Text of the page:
BBC reveals Micro:bit, a programmable PC that fits in your pocket


The BBC is getting into the hardware hacking craze with its second device aimed at school age children in the last 34 years. The British broadcaster recently unveiled the Micro:bit, a mini-programmable computer meant to teach children how to code and develop hardware projects.

The device will be given away to every child in Year 7 at schools in the U.K.—around one million students—beginning in October. Before the end of the year, the device will also be available for sale to customers in the U.K. and other points around the globe. Presumably that includes the U.S.

Unlike other popular boards such as the Raspberry Pi, the Micro:bit is not meant to be used as a standalone PC. Instead, it’s a basic board for embedded projects such as a gaming device or a remote control. It’s also compatible with more advanced micro PCs like the Raspberry Pi and Arduino boards for projects that require more processing heft.

The 1.6-inch by 2-inch Micro:bit comes with a 32-bit ARM Cortex M0 processor, 25 programmable LED lights arranged in a grid, two push buttons for user input, an accelerometer and compass, a micro-USB connector, and Bluetooth. The device was originally supposed to come with a slot for a watch battery, but the final design cut that, opting for a battery pack add-on instead that takes two AA batteries. You can find complete specs on the BBC’s website.

micro bit BBC

A new programmable computer wouldn’t be much good without the tools to build something with them. To that end, there will be a new website to help students with their coding. The website will work on PCs or mobile devices, and lets students save and test their code on the site. Code can be written in standard languages including JavaScript, Python, C++, as well as Blocks (a visual programming language) and Microsoft’s Touch Develop. Once the code is ready for real world action, they can transfer it to the Micro:bit via Bluetooth or a USB connection.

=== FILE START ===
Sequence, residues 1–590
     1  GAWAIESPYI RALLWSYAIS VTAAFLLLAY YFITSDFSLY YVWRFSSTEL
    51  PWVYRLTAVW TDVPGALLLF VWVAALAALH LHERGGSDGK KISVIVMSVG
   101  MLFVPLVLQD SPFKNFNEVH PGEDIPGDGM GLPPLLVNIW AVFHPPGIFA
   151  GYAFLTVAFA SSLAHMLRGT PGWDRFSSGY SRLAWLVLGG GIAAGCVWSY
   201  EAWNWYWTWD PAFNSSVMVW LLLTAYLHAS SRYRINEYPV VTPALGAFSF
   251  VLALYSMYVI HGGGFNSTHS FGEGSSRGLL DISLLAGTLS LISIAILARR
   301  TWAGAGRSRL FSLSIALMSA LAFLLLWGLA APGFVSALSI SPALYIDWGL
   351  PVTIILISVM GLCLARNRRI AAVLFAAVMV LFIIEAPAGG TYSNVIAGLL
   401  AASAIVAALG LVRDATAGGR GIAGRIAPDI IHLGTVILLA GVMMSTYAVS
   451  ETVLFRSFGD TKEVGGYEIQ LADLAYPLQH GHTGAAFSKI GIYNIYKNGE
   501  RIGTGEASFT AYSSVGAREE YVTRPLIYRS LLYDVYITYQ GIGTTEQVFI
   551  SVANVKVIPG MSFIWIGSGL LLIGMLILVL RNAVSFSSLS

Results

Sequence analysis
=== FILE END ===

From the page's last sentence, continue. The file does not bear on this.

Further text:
The Micro:bit is a huge collaboration between numerous tech companies including ARM, element14 (sellers of the Raspberry Pi), Microsoft, and Samsung.

Why this matters: A recurring debate in the tech world is whether there’s any sense in teaching children to program. Some argue that programming is hard and, just as not everyone needs to know how to fix a car, not everyone needs to know how to program. But with computers becoming central to pretty much everything there is value in learning some coding basics. Most of us remember enough from math class to know you have to multiply before you add. Similarly, a familiarity with how code works and a coding mentality to problem solving can go a long way in a technology-driven world.

Second time at bat

The Micro:bit is the BBC’s second run at sparking the interest of students in computing. In 1981, the BBC worked with Acorn Computers to produce the BBC Microcomputer System (BBC Micro) sold primarily to schools in the UK as part of the BBC’s Computer Literacy Project. The device was similar in form to a Commodore 64, a non-descript beige box with a keyboard that hooked up to a monitor or television.

Unlike the previous computer project, the Micro:bit will be distributed to individual students thanks to the ever lowering cost of components. It will also be 18 times faster at running code, 70 times smaller, and 617 times lighter than its predecessor, the BBC says.

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